Thursday, April 18, 2024

Louisiana’s poor economic health requires fast action

by BIZ Magazine
crumpled dollars

The headlines are filled with positive economic news for Louisiana, boasting record-low unemployment rates and impressive job growth. But digging deeper into the data reveals a more nuanced and challenging economic landscape that deserves attention and fast action.

At first glance, Louisiana’s unemployment rate appears to be a shining success at just 3.3%. Gov. John Bel Edwards has been vocal about the state’s accomplishments, boasting a record low unemployment rate, “30 consecutive months of job growth,” and the addition of nearly 280,000 jobs since the pandemic’s peak. But the unemployment rate only tells part of the story.

Looking at the data from before the COVID-19 pandemic, there are 36,329 fewer people of working age in Louisiana, totaling 3.5 million. Even though the number of people actively looking for work has increased by 1,566, many have left the state for better opportunities. This is why the unemployment rate seems lower than it is. Had those 36,329 people stayed in Louisiana to be part of the workforce and unemployment numbers, the real unemployment rate would be 4.9%, which is 48% higher than 3.3%. This statistic challenges the narrative and reveals underlying workforce participation and retention challenges.

Considering jobs added over the last 30 months, the Pelican State has had seven months of declining net jobs in the payroll survey and nine months with declines in the household survey. The latter measure has declined for four straight months, resulting in 17,564 fewer people employed in that period, pointing to a turbulent job landscape.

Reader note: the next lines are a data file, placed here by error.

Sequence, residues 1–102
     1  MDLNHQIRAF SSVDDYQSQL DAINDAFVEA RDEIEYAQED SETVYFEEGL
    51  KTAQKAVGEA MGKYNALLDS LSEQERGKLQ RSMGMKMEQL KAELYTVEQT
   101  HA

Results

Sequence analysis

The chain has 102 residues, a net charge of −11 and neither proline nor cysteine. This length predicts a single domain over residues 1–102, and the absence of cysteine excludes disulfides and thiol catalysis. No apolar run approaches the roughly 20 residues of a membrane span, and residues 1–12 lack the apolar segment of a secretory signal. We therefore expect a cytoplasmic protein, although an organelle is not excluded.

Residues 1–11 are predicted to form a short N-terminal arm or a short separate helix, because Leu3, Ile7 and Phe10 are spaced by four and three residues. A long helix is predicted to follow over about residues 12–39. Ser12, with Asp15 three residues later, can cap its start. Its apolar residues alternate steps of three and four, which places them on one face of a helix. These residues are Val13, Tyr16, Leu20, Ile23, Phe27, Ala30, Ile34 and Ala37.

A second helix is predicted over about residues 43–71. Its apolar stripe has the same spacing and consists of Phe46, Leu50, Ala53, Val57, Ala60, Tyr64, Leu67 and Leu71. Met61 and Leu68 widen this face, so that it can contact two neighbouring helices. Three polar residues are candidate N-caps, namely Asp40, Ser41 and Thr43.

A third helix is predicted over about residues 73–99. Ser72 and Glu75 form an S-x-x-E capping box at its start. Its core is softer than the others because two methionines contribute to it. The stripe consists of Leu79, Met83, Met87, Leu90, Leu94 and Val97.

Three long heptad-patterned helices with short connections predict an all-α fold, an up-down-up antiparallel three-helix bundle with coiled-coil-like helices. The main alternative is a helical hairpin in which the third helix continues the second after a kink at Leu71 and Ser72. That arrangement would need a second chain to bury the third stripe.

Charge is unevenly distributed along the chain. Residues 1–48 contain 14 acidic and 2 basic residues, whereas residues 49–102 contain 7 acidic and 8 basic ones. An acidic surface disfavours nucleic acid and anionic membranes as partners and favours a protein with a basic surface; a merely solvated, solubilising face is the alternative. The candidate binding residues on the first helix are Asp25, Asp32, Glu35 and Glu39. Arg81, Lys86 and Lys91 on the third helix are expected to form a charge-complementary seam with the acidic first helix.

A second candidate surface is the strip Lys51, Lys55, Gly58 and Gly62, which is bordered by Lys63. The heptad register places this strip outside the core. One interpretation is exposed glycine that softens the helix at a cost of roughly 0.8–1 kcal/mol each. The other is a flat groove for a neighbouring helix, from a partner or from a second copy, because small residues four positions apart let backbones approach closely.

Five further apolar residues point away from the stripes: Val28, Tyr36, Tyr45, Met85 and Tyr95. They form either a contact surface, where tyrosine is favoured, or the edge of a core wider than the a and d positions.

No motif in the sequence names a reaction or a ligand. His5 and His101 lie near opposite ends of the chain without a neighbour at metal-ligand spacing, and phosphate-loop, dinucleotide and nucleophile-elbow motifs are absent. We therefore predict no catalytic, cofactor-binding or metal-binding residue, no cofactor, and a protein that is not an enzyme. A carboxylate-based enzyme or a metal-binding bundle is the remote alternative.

At the same time, Louisiana’s gross domestic product (GDP) has seen concerning ups and downs. In 2022, the state’s real GDP shrank by 1.8%, making it one of the poorest performers in the nation. The most recent data indicate a modest 1.4% growth in the first quarter of 2023, ranking 31st in the country. These figures reveal economic instability and emphasize the need for a comprehensive approach to sustainable growth.

Finally, assessing personal income figures for state residents reveals additional economic weakness.

The first quarter of 2023 showed more promising trends for state residents’ personal income, with personal income growing at an annualized rate of 6.2%, ranking 27th nationwide. However, that has yet to make up for 2022, when personal income did not grow at all, making Louisiana’s personal income last among the 50 states that year.

The results are in: Louisiana’s economy is lacking, and transformative reforms are vital to unlock the Pelican State’s potential. If Louisiana continues on its current path, it risks maintaining a poor business tax climate, facing ongoing outmigration of residents, and perpetuating one of the highest poverty rates in the country.

Implementing better spending restraint, substantial tax reform, significant regulatory relief, universal education freedom, enhanced workforce development, and improved safety net programs are practical solutions that would empower Louisianans.

Fortunately, a recent poll underscores that these essential reforms are not only needed but also desired by Louisiana’s residents. The Pelican State has the potential to become “the next big thing,” a place where people want to move, provided its leaders take fast action to secure a brighter and more prosperous future for all. This is possible given a new governor and many state lawmakers next year.

Vance Ginn, Ph.D., is chief economist of the Pelican Institute for Public Policy and previously the chief economics of the White House’s Office of Management and Budget. Follow him on at @VanceGinn.

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